The Masters course was a blessing. As it approached, I took a good look at myself and thought – ‘I need to get my head back to where it needs to be, and get my writing to a level that I intend to go forward with’ – and that’s what I did. COVID is still affecting my writing, not content wise, but it’s definitely more of a challenge to write, but it’s something that will continue getting better over time. (I hope I’ve not gone too far off the type of answer you were after!)

7. What is your current work in progress that you're most excited about?

I’m currently working on two separate short story collections; one following a loveable, working class young man named Carl, jumping in at different moments during his life. It’s intended to make you laugh, cry, angry, happy, and any other emotion you can think of when reading!

The other collection looks at the world shortly after a ‘doomsday’ event, but not in the conventional ‘zombie apocalypse’ or ‘dystopia fantasy’ way. It’s intended to focus on how something like that affects the survivors, what influence technology can play in a situation like that, and at times, exploring a mixture of both of these things. An example of that last point can be found on my writing portfolio, under the title of ‘Sister’, and a further story from this collection, titled ‘Tabby’, can be found there too!

8. What advice to you have to other aspiring writers out there?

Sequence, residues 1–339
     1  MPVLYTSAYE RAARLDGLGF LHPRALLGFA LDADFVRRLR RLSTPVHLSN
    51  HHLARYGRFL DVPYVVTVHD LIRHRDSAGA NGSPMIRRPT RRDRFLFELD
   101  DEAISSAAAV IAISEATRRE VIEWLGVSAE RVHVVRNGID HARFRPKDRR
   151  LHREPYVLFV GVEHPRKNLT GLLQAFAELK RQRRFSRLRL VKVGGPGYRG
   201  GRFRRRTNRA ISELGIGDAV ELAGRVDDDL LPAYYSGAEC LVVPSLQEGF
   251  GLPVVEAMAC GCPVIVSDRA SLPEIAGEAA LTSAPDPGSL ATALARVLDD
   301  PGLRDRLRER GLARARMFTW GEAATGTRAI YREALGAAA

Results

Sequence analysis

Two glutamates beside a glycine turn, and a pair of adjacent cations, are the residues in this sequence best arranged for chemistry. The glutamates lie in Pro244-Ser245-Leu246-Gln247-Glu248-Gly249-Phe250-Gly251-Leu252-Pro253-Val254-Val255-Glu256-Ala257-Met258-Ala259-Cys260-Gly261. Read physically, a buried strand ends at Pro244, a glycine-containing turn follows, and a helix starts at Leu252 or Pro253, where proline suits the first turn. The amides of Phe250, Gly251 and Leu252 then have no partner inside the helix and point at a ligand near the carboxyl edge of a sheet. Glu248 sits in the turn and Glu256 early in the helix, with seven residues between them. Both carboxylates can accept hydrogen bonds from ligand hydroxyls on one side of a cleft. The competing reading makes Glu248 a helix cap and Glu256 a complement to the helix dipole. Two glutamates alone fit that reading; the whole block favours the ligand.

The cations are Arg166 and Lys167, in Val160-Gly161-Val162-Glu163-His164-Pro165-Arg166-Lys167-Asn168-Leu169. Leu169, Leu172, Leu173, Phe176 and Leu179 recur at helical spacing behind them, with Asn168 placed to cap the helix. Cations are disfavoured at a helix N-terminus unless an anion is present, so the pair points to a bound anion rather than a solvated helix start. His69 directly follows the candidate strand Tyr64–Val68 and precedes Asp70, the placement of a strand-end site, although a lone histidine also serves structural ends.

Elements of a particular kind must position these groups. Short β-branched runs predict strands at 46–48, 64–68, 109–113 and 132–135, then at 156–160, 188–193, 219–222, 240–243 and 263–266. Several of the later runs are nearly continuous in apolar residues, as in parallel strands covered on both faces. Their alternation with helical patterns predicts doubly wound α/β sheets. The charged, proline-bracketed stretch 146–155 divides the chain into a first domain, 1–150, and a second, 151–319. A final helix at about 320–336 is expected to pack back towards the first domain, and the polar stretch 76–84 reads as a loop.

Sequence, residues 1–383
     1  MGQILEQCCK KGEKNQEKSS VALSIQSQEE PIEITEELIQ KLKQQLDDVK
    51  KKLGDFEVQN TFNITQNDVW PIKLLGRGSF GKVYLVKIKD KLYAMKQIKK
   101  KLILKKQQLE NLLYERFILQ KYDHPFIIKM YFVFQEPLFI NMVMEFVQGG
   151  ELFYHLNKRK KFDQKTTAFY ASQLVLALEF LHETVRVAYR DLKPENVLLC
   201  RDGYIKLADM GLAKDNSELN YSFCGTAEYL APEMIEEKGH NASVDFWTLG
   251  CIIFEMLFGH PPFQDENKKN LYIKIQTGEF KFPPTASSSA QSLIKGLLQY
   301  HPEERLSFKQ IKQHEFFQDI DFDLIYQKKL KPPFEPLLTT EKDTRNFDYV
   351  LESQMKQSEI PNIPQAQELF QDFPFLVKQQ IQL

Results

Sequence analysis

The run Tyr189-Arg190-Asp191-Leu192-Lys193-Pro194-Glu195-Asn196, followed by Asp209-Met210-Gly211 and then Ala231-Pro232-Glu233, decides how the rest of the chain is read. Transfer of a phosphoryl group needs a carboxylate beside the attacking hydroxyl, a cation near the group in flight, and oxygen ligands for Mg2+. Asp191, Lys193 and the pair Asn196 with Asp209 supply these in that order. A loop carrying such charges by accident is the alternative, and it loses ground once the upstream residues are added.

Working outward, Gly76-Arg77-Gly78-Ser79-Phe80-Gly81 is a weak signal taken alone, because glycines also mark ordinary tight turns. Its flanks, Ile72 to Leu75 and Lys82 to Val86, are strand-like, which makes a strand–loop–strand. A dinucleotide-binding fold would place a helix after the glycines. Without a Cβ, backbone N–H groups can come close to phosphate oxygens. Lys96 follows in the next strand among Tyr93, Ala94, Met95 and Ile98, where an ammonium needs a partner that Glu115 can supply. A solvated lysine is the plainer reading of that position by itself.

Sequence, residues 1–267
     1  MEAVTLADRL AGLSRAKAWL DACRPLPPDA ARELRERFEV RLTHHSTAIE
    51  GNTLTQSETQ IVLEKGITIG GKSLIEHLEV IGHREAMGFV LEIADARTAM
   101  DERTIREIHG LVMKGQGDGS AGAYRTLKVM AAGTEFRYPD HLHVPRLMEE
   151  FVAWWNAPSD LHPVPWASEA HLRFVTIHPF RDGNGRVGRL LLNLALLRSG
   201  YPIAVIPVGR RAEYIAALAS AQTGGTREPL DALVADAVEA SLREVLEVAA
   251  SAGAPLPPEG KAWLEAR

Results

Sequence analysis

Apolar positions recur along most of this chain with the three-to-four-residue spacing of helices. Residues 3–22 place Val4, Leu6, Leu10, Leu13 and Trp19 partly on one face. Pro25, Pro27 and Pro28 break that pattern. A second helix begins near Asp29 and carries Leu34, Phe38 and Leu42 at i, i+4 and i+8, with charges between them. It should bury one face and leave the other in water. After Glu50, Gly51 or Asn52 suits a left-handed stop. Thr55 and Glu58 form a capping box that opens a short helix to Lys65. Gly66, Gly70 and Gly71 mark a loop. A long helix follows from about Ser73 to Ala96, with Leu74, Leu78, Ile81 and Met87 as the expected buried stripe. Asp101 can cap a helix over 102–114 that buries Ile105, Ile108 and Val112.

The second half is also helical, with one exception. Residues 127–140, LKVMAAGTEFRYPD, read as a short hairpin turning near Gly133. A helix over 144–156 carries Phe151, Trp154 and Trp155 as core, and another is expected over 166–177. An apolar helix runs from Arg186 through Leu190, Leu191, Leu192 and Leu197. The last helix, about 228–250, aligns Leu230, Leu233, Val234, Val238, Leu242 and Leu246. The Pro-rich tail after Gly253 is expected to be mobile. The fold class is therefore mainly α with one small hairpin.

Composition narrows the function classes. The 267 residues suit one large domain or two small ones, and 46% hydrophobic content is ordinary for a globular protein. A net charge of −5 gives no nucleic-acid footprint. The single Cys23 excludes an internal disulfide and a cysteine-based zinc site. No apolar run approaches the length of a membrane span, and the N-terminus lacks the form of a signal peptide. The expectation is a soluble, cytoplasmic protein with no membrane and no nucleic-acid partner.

Write. Write. Write. The best thing any writer can do is write, especially if that’s what you enjoy. People can look down on it as a hobby, but those people will float in and out of life, and eventually you will find people who respect what you do. Another huge piece of advice I should give, is that it is so important to accept criticism. Obviously at first, it’d hard to take, but once you pass that barrier of taking it, you begin to embrace it. I’m at a point now where hearing criticism is the most important thing for me, because it’s the key to improving your work. If you’re a writer, you should be always wanting to improve, so taking on board criticism is something you have to do.

The other obvious thing to advise is to read. You have to read to write well. There is an infinite amount of lessens to learn from published fiction and craft texts, although with the latter, you may have your own outlook on craft, which is just as important to have. Even if you don’t necessarily agree with a craft writer, there will be important information in there, and it also helps you learn about what not to do in your work. Most importantly though - read and write!

Want to read more from Andrew?

Cheers and see you next time on The Nest,